I want to make this perfectly clear to anyone and everyone who has ever not understood my point when I have shouted from the rooftops about Marquette’s scheduling practices: This average is exactly why it is a bad plan to schedule sub-300 teams. Now, yes, it appears that Marquette got caught in a sticky situation with Presbyterian, the worst team on the schedule, as the Preseason NIT was unable to provide MU a game. That led to the athletic department having to get their own game on something of a last minute notice for a date that was already locked in place through MU’s agreement with Fiserv Forum and the Milwaukee Bucks, and thus: the worst game on the schedule. Fine. It happens. I’m not going to complain loudly about it.

I am, however, going to use this as an example of what scheduling PC as well as Southern, which was an intentional choice by Marquette, does to the schedule. Just for kicks, let’s say that instead of the Blue Hose and the Jaguars, Marquette schedules IUPUI and UMKC. I didn’t pick those at random, those are the teams exactly 50 spots higher in KenPom from last season: #284 and #276.

The average of the 11 opponents jumps from 189.9 to 180.8, which is much more in line with what Marquette has been scheduling over the past five seasons.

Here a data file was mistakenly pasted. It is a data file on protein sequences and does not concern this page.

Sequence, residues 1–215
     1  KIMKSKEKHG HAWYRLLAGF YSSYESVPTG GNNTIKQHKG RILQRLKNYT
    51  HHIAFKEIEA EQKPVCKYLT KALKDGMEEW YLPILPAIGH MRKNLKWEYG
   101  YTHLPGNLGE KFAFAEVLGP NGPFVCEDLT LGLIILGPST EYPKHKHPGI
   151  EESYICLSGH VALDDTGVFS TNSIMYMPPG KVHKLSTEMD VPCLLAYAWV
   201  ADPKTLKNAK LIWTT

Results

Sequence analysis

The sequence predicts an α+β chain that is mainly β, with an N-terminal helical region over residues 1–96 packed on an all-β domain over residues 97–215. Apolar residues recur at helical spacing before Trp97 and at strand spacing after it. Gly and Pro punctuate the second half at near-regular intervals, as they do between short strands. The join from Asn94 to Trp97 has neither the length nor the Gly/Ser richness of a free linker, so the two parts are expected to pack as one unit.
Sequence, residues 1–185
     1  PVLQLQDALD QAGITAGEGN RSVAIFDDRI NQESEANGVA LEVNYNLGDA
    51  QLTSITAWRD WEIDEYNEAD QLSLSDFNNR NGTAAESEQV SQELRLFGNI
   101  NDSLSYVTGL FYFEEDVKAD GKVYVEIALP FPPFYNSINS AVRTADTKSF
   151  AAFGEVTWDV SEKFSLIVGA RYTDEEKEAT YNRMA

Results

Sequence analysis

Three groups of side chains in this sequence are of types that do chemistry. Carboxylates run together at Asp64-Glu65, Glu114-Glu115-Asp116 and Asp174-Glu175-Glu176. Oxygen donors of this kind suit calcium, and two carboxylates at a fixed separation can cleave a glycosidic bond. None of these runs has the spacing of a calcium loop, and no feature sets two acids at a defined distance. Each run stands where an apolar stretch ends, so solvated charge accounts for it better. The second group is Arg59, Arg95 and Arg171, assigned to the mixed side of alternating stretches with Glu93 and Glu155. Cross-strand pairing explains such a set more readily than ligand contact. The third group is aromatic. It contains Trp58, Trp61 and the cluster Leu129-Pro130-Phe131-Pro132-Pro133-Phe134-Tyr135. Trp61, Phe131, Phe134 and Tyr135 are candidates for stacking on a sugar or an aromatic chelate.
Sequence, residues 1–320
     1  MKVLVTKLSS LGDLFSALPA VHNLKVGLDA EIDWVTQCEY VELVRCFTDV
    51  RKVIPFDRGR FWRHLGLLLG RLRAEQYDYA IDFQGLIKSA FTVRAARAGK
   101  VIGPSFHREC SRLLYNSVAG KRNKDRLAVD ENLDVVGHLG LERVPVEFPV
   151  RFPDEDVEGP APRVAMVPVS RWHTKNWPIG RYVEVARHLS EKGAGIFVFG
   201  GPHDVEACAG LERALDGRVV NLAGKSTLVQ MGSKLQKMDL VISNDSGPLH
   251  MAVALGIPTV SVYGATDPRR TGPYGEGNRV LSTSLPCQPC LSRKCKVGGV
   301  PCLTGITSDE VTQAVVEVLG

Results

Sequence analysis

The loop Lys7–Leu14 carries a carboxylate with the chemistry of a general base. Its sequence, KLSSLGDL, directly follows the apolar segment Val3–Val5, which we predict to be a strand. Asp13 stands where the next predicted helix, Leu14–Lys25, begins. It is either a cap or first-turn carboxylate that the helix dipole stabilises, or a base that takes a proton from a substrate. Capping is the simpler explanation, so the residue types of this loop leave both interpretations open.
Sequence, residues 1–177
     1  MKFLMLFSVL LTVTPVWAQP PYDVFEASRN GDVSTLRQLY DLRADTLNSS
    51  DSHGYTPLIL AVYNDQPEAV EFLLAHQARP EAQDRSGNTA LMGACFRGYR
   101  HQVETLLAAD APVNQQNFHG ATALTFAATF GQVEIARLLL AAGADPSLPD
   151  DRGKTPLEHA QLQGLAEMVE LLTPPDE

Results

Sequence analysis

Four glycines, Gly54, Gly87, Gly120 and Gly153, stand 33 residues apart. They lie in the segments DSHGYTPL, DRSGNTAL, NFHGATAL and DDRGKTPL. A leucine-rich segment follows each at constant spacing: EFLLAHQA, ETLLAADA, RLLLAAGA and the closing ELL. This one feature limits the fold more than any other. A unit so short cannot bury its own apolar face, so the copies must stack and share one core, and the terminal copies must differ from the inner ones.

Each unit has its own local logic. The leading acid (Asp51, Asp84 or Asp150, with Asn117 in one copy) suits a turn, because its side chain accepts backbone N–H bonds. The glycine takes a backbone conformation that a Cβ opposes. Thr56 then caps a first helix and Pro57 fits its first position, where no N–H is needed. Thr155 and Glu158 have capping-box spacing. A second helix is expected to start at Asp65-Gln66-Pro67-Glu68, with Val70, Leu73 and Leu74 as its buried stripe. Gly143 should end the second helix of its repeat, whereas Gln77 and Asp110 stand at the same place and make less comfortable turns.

The median opponent doesn’t even change, as IUPUI and UMKC are still below the median line.

Yes, I realize it’s a minor change. But it’s also an absolutely non-existent change in terms of the likelihood that Marquette wins those games at Fiserv Forum, and it comes without the handcuff of putting two games on the board that will essentially mean nothing come March. If anything, playing sub-300 opponents ends up being a negative tiebreaker. If things are dead even between two teams in the selection or seeding process, the committee is going to look and say either “Y’know, they didn’t play any sub-300 teams, let’s put them ahead,” or “Y’know, they played two sub-300 teams, let’s put them behind.” Why go out of your way to create the second situation?

I do want to address the other aspect of this, which is that I’m doing the math on the average and median before the Preseason NIT bracket is announced. It would seem that the most obvious bracketing choice is to keep Kansas and Tennessee apart in the semifinals for a potential championship game. Why? Simple.

Kansas: #9
Tennessee: #13
Louisville: #38
Marquette: #53

There’s your end of the year KenPom rankings for the four teams headed to Barclays Center in November. It’s not rocket surgery to give MU either Kansas or Tennessee in the semifinals. If we were to toss Tennessee, the lower of the two potential opponents, into the mix, the average suddenly goes from 189.9 to 175.2, and the median jumps to 202.5. Even with Presbyterian and Southern on the docket, this absolutely is a schedule loaded with opportunities for the Golden Eagles to make an impact before Big East play starts. I don’t want to cloud over that fact.

They’re just going to have to get some wins on this loaded up schedule in order for it to matter.

Poll

What will Marquette’s record be in their 13 game 2018-19 non-conference schedule?

This poll is closed

  • 5%
    13-0
    (6 votes)
  • 10%
    12-1
    (12 votes)
  • 36%
    11-2
    (40 votes)
  • 35%
    10-3
    (39 votes)
  • 11%
    9-4
    (13 votes)
  • 0%
    8-5 or worse
    (0 votes)
110 votes total Vote Now